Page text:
While the nation may be in the slow lane on economic growth, South Carolina is in a region that is bucking that trend.
Clemson University economist Bruce Yandle said “when we consider the national picture and GDP growth — indicators say we are in slow gear. There is a decline in exports because of the strong dollar. We will have much less than 2% growth.”
Yandle said two regions stand out as strong in an otherwise bleak picture — the Far West and the Southeast.
“In our region we are seeing strong employment numbers and strong personal income,” he said.
According to the October economic outlook report from the S.C. Department of Commerce, the state’s total, non-seasonally adjusted, nonfarm employment rose by 9,200 net jobs to 2,068,100 in September, a 0.5% increase from August, and 2.6% higher than one year ago. The government sector added a net 12,300 jobs, leading all other sectors, followed by:
- Education and health services added 3,500 net jobs.
- Professional and business services netted 3,300 jobs.
- Manufacturing added 1,500 jobs.
- Natural resources and mining added 100 jobs.
When the economic picture is narrowed down further, Yandle said the Upstate and Lowcountry stand out as positives. Yandle said the strongest economic area of the state is the Interstate 85 corridor, because of the Greenville metro area.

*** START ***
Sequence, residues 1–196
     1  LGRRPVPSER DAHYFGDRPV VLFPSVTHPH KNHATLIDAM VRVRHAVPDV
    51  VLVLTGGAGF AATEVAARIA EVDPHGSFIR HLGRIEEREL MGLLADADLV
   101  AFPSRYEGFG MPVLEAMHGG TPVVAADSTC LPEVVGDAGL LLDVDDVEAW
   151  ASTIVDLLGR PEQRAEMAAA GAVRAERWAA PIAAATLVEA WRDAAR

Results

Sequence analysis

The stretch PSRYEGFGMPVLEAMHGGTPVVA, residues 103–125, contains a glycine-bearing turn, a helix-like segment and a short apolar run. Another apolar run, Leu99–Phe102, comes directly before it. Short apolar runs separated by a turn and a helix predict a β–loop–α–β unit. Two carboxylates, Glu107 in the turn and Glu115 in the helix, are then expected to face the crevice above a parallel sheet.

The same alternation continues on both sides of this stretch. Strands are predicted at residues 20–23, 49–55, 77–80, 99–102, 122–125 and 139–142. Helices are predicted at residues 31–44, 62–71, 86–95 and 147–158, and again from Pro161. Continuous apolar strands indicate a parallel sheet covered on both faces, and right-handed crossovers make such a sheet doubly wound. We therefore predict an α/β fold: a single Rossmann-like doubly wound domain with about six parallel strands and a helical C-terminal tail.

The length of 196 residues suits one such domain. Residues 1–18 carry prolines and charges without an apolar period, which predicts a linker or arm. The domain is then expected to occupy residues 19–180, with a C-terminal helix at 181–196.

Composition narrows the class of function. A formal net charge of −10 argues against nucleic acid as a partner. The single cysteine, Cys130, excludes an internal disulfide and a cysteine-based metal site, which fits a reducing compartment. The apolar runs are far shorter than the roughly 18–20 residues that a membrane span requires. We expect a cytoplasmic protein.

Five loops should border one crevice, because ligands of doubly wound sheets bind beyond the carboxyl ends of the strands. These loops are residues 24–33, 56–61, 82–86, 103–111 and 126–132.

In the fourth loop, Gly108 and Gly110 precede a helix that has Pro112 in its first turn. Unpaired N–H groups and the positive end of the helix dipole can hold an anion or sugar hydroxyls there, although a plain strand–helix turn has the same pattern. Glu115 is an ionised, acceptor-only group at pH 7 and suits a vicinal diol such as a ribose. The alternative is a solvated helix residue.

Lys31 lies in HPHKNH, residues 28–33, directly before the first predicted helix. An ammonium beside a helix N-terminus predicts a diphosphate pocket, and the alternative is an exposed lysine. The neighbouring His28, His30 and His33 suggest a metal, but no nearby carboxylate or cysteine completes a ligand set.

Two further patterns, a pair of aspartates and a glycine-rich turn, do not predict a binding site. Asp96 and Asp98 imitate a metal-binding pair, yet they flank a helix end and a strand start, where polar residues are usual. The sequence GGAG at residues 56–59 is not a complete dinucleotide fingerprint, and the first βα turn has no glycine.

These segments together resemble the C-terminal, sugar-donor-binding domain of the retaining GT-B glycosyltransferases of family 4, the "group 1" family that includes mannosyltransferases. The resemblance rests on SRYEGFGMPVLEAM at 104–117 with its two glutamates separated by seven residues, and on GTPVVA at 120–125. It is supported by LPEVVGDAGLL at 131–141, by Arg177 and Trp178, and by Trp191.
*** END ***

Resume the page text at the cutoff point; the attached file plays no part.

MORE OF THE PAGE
“It’s strong and healthy, and I expect the strong pulse to continue,” he said.
Two counties along the I-85 corridor are losing employment — Pickens and Cherokee — the exceptions in an otherwise strong Upstate, according to Yandle.
Unlike the national picture, where manufacturing is being impacted by slowing exports because of the strong dollar, manufacturing in the Upstate is still strong, mostly because of auto-related activity. Yandle said BMW is an exception to what manufacturers are seeing, in that it continues to have strong exports.
“It’s holding its own and growing. Fold in Michelin and other auto-related industries and activity is strong in the Upstate,” he said.
Looking ahead to 2017, Yandle expects the strength in the automotive sector to possibly slow a little, “because of an increase in interest rates and a lot of people who want a new car just got one,” he said.
Inland Port Greer adds to the economic strength of the Greenville area, Yandle said. It’s now finishing its third year of operation and has exceeded what its fifth year was projected to look like. Considerations are being given to expanding, he said.
If there are any constraints on growth, it is the availability of skilled labor, Yandle said.
“Even though all kinds of programs are being put in place there is still a very tight market,” Yandle said. “Both presidential candidates said they will bring jobs back to the U.S., at least in manufacturing. But right now, we have more jobs open than people applying for them.”
Yandle said 100,000 more jobs in manufacturing are sitting open than are getting filled in the U.S.